Nearly half the states allow broad practice authority for nurse practitioners. Some of their limitations were also loosened in response to the COVID-19 pandemic.
What restrictions, if any, do you believe should be part of licensing nurse practitioners?
Sophia Thomas: We concur with state nursing laws, which specify NPs must practice within the scope of their education and certification. NP licensure should require a Bachelor of Science in nursing granted by an accredited institution; an active registered nurse license; a graduate degree from an accredited NP program and university; and evidence of passing the national NP certification exam.
Dr. Susan Bailey: Nurse practitioners should be licensed to provide care only for which they’re educated and trained. Two to three years and 500 hours of education and training is insufficient to practice independently. Patients agree. In one recent poll, 68% said it’s very important for a physician to be involved in their medical diagnosis and treatment decisions. That’s why the AMA supports physician-led teams.
Is the state-by-state system the best approach to licensing nurse practitioners?
Thomas: State-based licensure allows states to balance public protection with local oversight. One challenge is the unnecessary variation in state laws. Twenty-three states and Washington, D.C., allow patients full and direct access to NPs. In the remaining states, patient access to NPs is limited by outdated licensure laws. To fix healthcare, we must end this patchwork.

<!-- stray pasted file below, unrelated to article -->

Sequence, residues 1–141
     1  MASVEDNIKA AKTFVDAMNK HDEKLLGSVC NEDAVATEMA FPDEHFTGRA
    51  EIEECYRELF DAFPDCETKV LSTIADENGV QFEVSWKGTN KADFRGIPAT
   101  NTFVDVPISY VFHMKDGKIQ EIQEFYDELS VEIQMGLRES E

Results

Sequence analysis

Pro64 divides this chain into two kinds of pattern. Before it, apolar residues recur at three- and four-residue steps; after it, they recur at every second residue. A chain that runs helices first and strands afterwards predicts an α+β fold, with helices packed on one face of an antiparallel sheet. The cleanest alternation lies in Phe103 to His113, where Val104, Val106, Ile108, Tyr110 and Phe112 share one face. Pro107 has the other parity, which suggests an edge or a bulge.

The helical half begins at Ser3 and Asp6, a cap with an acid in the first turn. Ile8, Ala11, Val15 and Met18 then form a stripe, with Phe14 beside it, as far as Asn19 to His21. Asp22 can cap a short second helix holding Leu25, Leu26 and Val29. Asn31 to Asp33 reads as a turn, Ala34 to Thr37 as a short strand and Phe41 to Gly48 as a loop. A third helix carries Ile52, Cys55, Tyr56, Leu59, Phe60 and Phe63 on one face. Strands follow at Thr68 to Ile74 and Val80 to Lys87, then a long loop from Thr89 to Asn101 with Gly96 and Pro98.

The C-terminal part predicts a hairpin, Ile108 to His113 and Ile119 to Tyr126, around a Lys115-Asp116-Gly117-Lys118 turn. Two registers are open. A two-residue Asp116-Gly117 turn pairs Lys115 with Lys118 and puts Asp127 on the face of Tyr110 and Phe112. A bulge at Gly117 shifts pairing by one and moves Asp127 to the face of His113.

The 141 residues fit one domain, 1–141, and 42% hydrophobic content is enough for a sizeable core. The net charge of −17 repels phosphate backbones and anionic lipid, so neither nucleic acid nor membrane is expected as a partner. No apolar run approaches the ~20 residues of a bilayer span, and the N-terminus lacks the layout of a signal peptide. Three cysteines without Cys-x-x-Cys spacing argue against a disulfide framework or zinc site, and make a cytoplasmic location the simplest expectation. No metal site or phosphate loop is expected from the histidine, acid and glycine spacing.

Bailey: The AMA supports state-based licensure for all healthcare professionals, recognizing the valuable and primary role of state boards in protecting the health and safety of the public. Alternatives raise serious problems related to enforcement and applicability of practice acts, and state laws related to liability, age of consent, abortion and end-of-life issues.
How do you believe the growth in nurse practitioners has affected access to healthcare services?
Thomas: Decades of studies show NP-delivered care improves outcomes, helps manage costs and improves patient engagement in their care. States with full practice authority attract more NPs, achieve better outcomes and expand care where patients need it most—from retail clinics to home visits. More accessible care can mean earlier detection, illness prevention, improved quality of life and lower costs.
Bailey: Data confirms, irrespective of state laws, the growth of nurse practitioners has not increased access to care in rural or underserved areas. We have seen a proliferation of online-only NP programs, newly graduated NPs with less RN experience, exacerbating the shortage of needed RNs without improving access to care.